Average total revenue generated during the period of one month. Include new revenue streams, such as income from livestream and on-demand classes.
Total cost of operations that your studio incurs to generate revenue (rent, utilities, insurance, software, marketing, etc.). Include new expenses, such as PPE and increased cleaning supplies. NOTE: Do not include any instructor payroll numbers (exclude instructor pay).
Average number of classes scheduled at your studio during each day. Tip: Take the total number of classes scheduled for a week and divide by 7 and then average to the lower number (to be conservative).
Average pay rate your instructors earn per class. To get the most accurate number, calculate an instructor’s total pay per month and then divide by the total number of classes they teach each month.
Average amount of revenue generated each time any client visits your facility. FitGrid subscribers can simply divide the average revenue per class by the average number of visitors per class.
Number of visitors needed for a single class to cover its costs, making neither a profit nor a loss. Instructors with average class sizes smaller than this number are contributing to overall financial losses for the business.
Number of visitors needed in each class to reach the goal profit stated at the very top (Profit Goal). Use the green slider to see a correlation between the class size and overall profit goals.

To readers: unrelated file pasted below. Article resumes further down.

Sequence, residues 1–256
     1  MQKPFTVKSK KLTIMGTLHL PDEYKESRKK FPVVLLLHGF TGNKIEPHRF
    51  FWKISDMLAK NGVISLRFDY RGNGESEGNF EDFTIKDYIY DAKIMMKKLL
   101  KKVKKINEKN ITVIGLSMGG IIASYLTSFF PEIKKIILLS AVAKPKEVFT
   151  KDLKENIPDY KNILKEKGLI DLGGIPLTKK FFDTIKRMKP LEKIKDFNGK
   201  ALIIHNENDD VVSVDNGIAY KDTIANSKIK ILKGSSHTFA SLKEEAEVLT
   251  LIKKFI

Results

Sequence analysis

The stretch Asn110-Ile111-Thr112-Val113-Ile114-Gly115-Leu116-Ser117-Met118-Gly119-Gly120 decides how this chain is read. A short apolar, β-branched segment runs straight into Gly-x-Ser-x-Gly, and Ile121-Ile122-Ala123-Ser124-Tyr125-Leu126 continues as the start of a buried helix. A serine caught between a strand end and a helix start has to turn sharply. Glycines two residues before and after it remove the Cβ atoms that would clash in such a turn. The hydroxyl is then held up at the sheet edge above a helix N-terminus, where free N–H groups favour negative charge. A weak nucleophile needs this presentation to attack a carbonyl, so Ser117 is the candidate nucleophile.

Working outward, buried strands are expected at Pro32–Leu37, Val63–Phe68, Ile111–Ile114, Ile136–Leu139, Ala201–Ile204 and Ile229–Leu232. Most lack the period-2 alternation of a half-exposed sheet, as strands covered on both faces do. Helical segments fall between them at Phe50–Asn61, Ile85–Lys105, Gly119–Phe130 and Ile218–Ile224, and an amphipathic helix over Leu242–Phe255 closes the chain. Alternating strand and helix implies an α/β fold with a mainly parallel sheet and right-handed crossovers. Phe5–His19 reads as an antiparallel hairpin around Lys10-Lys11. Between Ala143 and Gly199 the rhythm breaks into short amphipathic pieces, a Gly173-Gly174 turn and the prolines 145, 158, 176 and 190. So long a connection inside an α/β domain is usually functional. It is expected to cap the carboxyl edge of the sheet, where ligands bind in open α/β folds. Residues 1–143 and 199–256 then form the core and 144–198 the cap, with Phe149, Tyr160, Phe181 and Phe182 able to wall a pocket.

When playing with this tool, keep in mind that there are several factors that go into the equation. While it’s easy to focus on raising revenue, keep in mind that one of the easiest ways to make money is by spending less. Use this opportunity to get a firm grasp on the costs of your rent, utilities, insurance, software, marketing, etc., and contact those vendors to see if you can negotiate better rates on your service
Have you ever wondered how many clients you need in class in order to breakeven? Our Profit Calculator not only can help you determine the number, but also how many clients are needed per class in order to reach a certain profit goal
THIS TOOLKIT IS MADE POSSIBLE DUE TO THE SUPPORT OF OUR PARTNERS
BFS brings you relevant knowledge and content for your business
at all times. Check out more on the blog below and join the Insiders
for premium content